Ultimately, if you want to reach your true strength potential, you’re going to have to learn how to perform the exercise as efficiently as possible. And that means mastering the technique for each lift. For example, remembering to retract your scapula throughout a bench press so your front delts don’t take over. Or, maintaining a posterior pelvic tilt on the barbell back squat. So, if you can, engage the help of someone who knows what they're doing in the weights room.
#3 – You’re on the wrong rep scheme
While beginners can make strength gains on as little as 40% of their 1RM (one-rep max), the number moves to 70% once they gain a little more lifting experience. Now, if you’re like most people, you’d only be able to sustain a 70% 1RM effort for roughly 12 reps per set. If you’ve been consistently training in the 12-15 reps range, you’d still be able to gain strength here.
But the trouble begins when you become even more experienced; you see, intermediate lifters can only make strength gains on 85% of their 1RM, which can typically only be sustained for roughly 5 reps. If you continue sticking with 12-15 reps per set of an exercise, you'll never challenge your body enough to make strength gains! So, if you genuinely want to build strength, you need to train like it. Work with a weight load that's around 80% to 90% of your 1RM, while doing 1 to 6 reps (only) per set.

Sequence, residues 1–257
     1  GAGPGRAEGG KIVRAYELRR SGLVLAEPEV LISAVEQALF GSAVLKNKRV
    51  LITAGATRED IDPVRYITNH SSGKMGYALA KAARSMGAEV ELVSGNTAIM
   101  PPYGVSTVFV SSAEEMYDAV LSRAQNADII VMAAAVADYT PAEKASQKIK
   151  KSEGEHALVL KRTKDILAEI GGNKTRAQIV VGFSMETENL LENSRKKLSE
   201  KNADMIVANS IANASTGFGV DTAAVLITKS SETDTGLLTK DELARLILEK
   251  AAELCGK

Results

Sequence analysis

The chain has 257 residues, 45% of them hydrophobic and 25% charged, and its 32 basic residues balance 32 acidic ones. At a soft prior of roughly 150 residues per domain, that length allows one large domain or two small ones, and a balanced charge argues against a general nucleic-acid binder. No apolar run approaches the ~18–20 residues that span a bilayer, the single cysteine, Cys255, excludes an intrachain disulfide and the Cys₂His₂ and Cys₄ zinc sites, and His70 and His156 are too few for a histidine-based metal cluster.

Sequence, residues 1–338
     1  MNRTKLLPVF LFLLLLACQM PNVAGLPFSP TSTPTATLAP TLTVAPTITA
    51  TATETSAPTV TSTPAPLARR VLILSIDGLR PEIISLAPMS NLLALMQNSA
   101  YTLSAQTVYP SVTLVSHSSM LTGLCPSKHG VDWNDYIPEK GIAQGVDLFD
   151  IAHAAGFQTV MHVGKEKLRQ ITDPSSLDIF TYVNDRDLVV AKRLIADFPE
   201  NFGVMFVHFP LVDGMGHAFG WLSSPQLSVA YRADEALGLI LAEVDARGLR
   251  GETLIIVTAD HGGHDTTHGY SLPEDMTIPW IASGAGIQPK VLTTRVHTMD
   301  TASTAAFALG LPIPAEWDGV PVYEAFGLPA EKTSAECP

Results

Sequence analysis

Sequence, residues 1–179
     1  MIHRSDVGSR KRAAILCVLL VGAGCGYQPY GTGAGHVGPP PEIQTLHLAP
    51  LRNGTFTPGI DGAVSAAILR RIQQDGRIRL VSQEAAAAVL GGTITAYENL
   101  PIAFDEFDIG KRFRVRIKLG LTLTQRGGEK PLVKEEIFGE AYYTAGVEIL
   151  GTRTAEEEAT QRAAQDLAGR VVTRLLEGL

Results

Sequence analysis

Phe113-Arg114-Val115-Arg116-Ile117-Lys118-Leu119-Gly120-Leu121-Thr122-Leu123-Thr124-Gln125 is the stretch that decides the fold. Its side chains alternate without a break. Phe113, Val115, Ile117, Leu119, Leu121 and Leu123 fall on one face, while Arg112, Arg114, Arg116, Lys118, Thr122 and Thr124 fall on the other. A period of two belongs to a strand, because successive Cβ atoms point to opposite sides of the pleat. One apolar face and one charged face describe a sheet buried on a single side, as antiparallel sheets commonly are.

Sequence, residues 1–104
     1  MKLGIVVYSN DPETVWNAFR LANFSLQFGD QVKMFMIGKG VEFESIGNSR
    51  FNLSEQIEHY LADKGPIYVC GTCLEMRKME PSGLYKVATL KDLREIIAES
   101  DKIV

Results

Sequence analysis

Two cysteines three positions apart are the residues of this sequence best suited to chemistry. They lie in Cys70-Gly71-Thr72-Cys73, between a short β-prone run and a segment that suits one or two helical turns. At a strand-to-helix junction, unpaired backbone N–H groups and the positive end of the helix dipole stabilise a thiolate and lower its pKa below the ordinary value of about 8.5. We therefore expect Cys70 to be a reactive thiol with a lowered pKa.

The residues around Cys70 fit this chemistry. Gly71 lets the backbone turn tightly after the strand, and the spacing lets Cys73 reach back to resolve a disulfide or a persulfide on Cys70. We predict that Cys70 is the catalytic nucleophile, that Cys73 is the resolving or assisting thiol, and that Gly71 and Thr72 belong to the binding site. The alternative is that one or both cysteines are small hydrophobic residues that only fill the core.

#4 – You’re prioritizing fatigue over recovery
Unfortunately, we live in a society that celebrates excess. When it comes to training, many of us have the mentality that more is better. If heading to the gym three times a week is good, then, following the same line of reasoning, training every single day until you can barely grip a dumbbell must be even better, right? Well, no. Here’s a crucial principle to be aware of: fatigue masks an individual’s true fitness level. In other words, making yourself tired and beaten down from weightlifting is a tried-and-tested recipe for zapping your strength (and performance). So, don’t do that.